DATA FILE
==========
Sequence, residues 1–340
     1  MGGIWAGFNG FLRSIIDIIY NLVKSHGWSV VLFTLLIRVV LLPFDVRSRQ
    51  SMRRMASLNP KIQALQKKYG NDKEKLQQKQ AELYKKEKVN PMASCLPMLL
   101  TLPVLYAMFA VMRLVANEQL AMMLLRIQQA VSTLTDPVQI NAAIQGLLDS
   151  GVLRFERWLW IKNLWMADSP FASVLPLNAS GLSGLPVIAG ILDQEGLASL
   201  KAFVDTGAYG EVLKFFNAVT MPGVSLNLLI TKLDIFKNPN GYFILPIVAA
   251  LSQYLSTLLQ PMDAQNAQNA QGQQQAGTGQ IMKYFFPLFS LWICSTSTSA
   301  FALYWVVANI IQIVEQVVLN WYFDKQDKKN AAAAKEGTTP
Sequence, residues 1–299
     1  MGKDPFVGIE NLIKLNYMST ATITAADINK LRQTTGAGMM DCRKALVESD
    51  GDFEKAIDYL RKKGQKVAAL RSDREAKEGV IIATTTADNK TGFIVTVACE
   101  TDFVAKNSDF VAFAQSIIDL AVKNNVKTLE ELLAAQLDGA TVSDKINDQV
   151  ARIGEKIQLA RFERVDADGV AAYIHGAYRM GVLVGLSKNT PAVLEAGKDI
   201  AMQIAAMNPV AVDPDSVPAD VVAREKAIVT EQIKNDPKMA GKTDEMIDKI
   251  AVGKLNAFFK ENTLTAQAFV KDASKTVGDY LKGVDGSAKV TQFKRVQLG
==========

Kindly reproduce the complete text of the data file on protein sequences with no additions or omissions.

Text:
Sequence, residues 1–340
     1  MGGIWAGFNG FLRSIIDIIY NLVKSHGWSV VLFTLLIRVV LLPFDVRSRQ
    51  SMRRMASLNP KIQALQKKYG NDKEKLQQKQ AELYKKEKVN PMASCLPMLL
   101  TLPVLYAMFA VMRLVANEQL AMMLLRIQQA VSTLTDPVQI NAAIQGLLDS
   151  GVLRFERWLW IKNLWMADSP FASVLPLNAS GLSGLPVIAG ILDQEGLASL
   201  KAFVDTGAYG EVLKFFNAVT MPGVSLNLLI TKLDIFKNPN GYFILPIVAA
   251  LSQYLSTLLQ PMDAQNAQNA QGQQQAGTGQ IMKYFFPLFS LWICSTSTSA
   301  FALYWVVANI IQIVEQVVLN WYFDKQDKKN AAAAKEGTTP
Sequence, residues 1–299
     1  MGKDPFVGIE NLIKLNYMST ATITAADINK LRQTTGAGMM DCRKALVESD
    51  GDFEKAIDYL RKKGQKVAAL RSDREAKEGV IIATTTADNK TGFIVTVACE
   101  TDFVAKNSDF VAFAQSIIDL AVKNNVKTLE ELLAAQLDGA TVSDKINDQV
   151  ARIGEKIQLA RFERVDADGV AAYIHGAYRM GVLVGLSKNT PAVLEAGKDI
   201  AMQIAAMNPV AVDPDSVPAD VVAREKAIVT EQIKNDPKMA GKTDEMIDKI
   251  AVGKLNAFFK ENTLTAQAFV KDASKTVGDY LKGVDGSAKV TQFKRVQLG